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I've had white noise (with corresponding hearing loss) in my left ear for 2 months. What causes it and can it be fixed

I have had an MRI -- negative for tumor, MS, or anything else that might be causing it.

Related Topics: Tumor, Ears, Hearing Loss

Answers From Experts & Organizations (1)

Internal Medicine
134 Answers
9,251 Helpful Votes

Hearing loss would generally be caused by a problem with the ear or a problem with transmitting sound from the ear to the brain. It sounds like you have had tests to detect any brain or nerve problem. I would have to assume at this point you have also seen an ENT (ear, nose, and throat) doctor to have your ear thoroughly examined. Sometimes, it can be tough to identify the cause of ringing in the ears or white noise-type sounds like you describe with associated hearing loss. The only recommendation I can offer at this point is to work closely with an ENT doctor to keep searching for what might be causing it as the list of possibilities is lengthy. Based on your symptoms I am not able to tell what might be going on.

I am sure you have done quite a bit of research on your own at this point but a search on "hearing loss" on WebMD will bring up a host of useful information. To get started, here's information on the most common causes of hearing loss.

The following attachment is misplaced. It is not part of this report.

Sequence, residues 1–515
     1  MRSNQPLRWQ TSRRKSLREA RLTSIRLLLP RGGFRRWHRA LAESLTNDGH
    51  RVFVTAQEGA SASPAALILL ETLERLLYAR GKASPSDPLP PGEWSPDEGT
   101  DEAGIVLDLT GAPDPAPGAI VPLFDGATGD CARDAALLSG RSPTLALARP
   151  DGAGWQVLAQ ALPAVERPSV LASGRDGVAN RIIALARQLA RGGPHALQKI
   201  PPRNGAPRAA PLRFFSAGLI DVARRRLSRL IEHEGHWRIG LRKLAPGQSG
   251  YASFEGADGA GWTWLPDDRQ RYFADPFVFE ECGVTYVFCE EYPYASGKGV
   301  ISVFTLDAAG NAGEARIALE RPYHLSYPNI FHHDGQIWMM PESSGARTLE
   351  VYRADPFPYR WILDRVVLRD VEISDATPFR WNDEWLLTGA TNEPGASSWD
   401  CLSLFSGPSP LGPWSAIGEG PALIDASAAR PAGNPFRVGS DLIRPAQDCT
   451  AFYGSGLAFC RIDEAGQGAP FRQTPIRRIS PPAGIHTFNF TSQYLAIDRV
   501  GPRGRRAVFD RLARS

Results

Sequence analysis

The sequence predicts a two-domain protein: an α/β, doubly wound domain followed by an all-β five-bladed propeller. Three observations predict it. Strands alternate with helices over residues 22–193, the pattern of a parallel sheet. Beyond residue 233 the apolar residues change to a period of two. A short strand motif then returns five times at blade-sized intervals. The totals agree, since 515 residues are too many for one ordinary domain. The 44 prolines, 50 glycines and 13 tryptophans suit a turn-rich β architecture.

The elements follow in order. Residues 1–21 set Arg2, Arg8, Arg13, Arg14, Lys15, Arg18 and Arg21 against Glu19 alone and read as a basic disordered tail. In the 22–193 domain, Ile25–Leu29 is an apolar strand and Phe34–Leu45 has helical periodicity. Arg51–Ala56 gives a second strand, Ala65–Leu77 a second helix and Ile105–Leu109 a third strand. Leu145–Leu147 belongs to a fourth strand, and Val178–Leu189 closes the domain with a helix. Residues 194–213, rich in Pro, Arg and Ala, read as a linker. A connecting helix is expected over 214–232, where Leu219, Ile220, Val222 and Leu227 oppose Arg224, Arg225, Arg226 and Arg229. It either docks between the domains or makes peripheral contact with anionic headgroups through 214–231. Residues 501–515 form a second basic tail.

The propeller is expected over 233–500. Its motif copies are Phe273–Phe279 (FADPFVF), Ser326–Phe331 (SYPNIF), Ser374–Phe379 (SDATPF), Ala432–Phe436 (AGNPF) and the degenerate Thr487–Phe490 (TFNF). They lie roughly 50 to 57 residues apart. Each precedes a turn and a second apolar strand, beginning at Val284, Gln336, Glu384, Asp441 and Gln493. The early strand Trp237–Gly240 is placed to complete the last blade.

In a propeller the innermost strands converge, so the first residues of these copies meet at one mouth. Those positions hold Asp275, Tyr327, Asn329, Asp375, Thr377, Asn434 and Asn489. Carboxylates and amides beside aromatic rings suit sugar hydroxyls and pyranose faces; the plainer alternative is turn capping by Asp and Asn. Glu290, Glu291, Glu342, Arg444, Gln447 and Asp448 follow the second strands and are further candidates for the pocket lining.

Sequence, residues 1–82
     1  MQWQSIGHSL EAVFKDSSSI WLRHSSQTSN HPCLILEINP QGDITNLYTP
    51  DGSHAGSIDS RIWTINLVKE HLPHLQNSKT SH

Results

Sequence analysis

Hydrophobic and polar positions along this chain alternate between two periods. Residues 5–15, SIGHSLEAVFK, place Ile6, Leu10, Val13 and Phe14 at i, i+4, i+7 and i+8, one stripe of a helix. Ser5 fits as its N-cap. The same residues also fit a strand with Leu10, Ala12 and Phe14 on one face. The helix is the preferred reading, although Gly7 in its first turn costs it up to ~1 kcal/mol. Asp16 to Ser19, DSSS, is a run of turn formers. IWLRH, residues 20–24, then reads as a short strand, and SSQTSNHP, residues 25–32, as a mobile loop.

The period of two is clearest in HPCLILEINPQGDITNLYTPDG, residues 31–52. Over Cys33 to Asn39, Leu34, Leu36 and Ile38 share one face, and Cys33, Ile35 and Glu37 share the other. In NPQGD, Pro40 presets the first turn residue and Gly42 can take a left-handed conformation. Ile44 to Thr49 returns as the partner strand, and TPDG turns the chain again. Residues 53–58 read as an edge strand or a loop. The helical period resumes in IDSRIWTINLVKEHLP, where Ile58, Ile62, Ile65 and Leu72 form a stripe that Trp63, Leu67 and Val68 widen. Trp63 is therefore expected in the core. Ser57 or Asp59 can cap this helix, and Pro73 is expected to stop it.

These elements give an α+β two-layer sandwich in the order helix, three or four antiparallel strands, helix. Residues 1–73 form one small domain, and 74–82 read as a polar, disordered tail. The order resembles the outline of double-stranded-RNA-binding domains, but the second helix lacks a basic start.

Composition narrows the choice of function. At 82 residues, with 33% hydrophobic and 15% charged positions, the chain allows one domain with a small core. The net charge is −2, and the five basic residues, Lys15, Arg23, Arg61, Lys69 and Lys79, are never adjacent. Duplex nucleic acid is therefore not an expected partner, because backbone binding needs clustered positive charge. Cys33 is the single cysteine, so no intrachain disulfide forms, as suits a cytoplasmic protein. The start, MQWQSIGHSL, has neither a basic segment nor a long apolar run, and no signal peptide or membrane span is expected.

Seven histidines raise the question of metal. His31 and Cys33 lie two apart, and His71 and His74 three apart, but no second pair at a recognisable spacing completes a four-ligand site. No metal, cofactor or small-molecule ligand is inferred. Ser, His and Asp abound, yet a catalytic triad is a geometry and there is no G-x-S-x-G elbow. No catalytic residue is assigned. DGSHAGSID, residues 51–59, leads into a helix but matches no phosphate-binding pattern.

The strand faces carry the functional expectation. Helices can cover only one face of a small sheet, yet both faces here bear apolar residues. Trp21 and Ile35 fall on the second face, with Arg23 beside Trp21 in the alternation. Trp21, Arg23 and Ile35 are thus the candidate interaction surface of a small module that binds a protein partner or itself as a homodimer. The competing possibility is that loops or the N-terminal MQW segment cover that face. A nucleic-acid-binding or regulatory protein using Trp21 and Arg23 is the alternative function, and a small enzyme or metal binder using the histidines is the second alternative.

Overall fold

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Archived: March 20, 2014

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Answers from Contributors (1)

115 Answers
1,263 Helpful Votes

Did any doctor call it "Tinnitus?" If that's what it is, here are some reasons why you might have it that I found. Not sure though, that this is helpful if you do not have Tinnitus.

"The most common cause of tinnitus is hearing loss that occurs with aging (presbycusis), but it can also be caused by living or working around loud noises (acoustic trauma). Tinnitus can occur with all types of hearing loss and may be a symptom of almost any ear disorder. Other possible causes of tinnitus include:

  • A buildup of earwax.
  • Medicines, especially antibiotics or large amounts of aspirin.
  • Drinking an excessive amount of alcohol or caffeinated beverages.
  • Ear infections or eardrum rupture.
  • Dental or other problems affecting the mouth, such as temporomandibular (TM) problems.
  • Injuries, such as whiplash or a direct blow to the ear or head.
  • Injury to the inner ear following surgery or radiation therapy to the head or neck.
  • A rapid change in environmental pressure (barotrauma).
  • Severe weight loss from malnutrition or excessive dieting.
  • Repeated exercise with the neck in a hyperextended position, such as when bicycle riding.
  • Blood flow (vascular) problems, such as carotid atherosclerosis, AV malformations, and high blood pressure (hypertension).
  • Nerve problems (neurologic disorders), such as multiple sclerosis or migraine headache.

Other diseases. These may include:

  • Acoustic neuroma.
  • Anemia.
  • Labyrinthitis.
  • Meniere's disease.
  • Otosclerosis.
  • Thyroid disease.

Most tinnitus that comes and goes does not require medical treatment. You may need to see your doctor if tinnitus occurs with other symptoms, does not get better or go away, or is in only one ear. There may not be a cure for tinnitus, but your doctor can help you learn how to live with the problem and make sure a more serious problem is not causing your symptoms.

I also found this article on home treatments:

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